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Barbara A. Barry

Running for State Senator

2 CTNewsJunkie Reader Endorsements

Party: Green Party

CEP Status: nonparticipating

Website: no

Age: 72

Marital Status: married

Current Residence: Wethersfield

Current Job: retired registered nurse

Previous Job: registered nurse

Previous Job: community activist; 3rd party politics

Education: RN, '67; BSN: UCONN '86

Facebook: Barbara Barry for State Senate

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Would you vote for a bill that would legalize recreational marijuana? Why or why not?
No, for persons under the age of 18. Reason: 1) they are below the age of consent and 2) scientific research to date has shown marijuana has caused unfavorable brain developmental changes, which appear to be permanent. Society should want to promote things that maximize human development i.e. 'do no harm'. Scientific studies also show for the past decades that the brain is not fully developed until the age of 23 or so. Yes for persons over the age of 18...when there is readily available, affordable and 80-99% reliable fast acting testing for use by law enforcement and medical professionals. The handful of current tests cost $1000 and are reliable about 30-50% of the time.
How should the state balance the needs of vulnerable populations with the reality of another large budget deficit?
1) withhold 80% of campaign finance funding for 8 years or until the state-wide budget and bonding and all state funding responsibilities are met. Reason: CT taxpayers, municipalities, schools, social services and state services, etc. have been cut anywhere from 30-100%. Yet the funds used by candidates for state officers has not diminished. Perhaps current and potential state officials could cut back on money from CT residents to promote themselves. This funding benefits the two major political parties but not the minor parties. The money from CT residents is actually from the 'unclaimed financial property'. It consists of money left in forgotten checking, savings accounts or 401Ks, etc. If one is aware of this list, one could check for themselves or others to find out if they have unclaimed money. However, it needs to be promoted more e.g. TV and social media. The site is: https://www.ott.ct.gov/unclaimed_overview.html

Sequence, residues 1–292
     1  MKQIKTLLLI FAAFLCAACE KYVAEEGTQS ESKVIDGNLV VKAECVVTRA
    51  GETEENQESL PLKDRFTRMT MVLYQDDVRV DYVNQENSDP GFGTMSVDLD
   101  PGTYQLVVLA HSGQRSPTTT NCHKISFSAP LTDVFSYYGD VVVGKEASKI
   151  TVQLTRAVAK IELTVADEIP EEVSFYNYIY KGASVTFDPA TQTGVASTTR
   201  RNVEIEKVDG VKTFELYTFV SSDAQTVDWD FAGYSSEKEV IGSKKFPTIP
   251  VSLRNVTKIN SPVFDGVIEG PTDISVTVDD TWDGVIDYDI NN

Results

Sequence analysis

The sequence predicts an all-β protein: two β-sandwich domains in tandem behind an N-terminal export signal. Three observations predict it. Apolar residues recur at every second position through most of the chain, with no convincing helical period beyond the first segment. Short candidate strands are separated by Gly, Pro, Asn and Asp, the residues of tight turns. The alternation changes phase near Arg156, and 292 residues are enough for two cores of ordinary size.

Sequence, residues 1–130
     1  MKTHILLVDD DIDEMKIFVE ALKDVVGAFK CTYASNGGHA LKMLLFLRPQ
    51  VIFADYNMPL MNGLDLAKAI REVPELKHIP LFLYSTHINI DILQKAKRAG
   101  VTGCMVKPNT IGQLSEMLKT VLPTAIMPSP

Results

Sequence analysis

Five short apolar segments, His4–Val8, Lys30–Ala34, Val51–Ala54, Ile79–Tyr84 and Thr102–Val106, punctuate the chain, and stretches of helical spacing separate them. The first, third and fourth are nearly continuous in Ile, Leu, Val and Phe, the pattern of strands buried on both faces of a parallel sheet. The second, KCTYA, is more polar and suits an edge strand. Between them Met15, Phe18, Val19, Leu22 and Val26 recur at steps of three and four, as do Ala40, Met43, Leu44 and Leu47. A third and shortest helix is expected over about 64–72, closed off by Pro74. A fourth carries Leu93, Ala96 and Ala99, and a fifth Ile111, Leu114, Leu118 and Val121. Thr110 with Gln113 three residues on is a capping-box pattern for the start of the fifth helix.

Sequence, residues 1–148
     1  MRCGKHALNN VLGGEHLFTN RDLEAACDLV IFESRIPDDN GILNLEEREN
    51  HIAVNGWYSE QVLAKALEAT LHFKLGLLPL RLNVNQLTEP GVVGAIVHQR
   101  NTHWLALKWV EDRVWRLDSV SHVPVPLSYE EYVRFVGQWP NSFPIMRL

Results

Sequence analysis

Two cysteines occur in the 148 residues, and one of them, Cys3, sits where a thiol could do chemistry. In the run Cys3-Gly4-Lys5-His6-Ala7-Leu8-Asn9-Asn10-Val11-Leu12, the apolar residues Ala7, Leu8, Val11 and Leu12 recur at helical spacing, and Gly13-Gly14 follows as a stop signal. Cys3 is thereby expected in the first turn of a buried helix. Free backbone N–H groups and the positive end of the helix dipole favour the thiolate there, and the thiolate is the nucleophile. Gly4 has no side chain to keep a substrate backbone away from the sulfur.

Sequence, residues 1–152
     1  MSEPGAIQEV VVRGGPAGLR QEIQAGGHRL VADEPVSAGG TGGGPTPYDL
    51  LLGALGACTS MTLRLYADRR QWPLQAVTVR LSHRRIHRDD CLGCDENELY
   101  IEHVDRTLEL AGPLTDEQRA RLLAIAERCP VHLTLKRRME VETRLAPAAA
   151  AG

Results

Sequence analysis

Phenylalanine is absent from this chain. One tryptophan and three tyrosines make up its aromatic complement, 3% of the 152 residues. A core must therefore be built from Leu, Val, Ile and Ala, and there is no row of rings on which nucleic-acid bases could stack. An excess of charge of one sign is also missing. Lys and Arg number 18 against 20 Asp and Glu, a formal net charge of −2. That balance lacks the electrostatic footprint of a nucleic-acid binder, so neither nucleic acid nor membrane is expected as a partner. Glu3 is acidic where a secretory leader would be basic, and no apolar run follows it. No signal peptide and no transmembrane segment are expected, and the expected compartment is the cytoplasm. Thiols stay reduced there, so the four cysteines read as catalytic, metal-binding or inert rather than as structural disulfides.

In 2016 the Connecticut Retirement Security Program was created. It will give over 600,000 residents in our state a way to save for retirement at work. Knowing that employees are 15 times more likely to save merely by having access to payroll deduction, how will you continue the implementation of this important program?
I'm in favor of workers having access to payroll deduction when their employer does not provide access.Ye
A recent report found 40 percent of Connecticut residents can't afford basic needs such as housing, food, health care, or child care. What would you do to improve their situation?
a) ) increase basic taxes on all forms of income: 1) 37% for $250k to $500k; 2) 40% for $500k to $2million; 3) 45% for $2million to $10million and 4) 49% for over $10million. b) have state-wide minimum wage of $18/hour inclusive of service workers who are currently excluded. c) basic living income d)
Will you support top-down efforts to regionalize local services with an eye toward more efficiency and reducing the state's obligations regarding ECS and/or other funding for towns? How would you go about it?
Support. It is used in my own town of Wethersfield with various other surrounding towns. It is used by some towns to maximize services but decrease the costs to separate town when a town would not need full time support.
The 459,000 family caregivers in Connecticut provide an estimated 427 million hours of care each year. Nationwide, nearly seven in ten caregivers report making work accommodations because of caregiving, including arriving late/leaving early, cutting back their hours, changing jobs, or stopping work entirely. Would you support a family leave law that provides paid leave to employees who have to take time off for family caregiving purposes?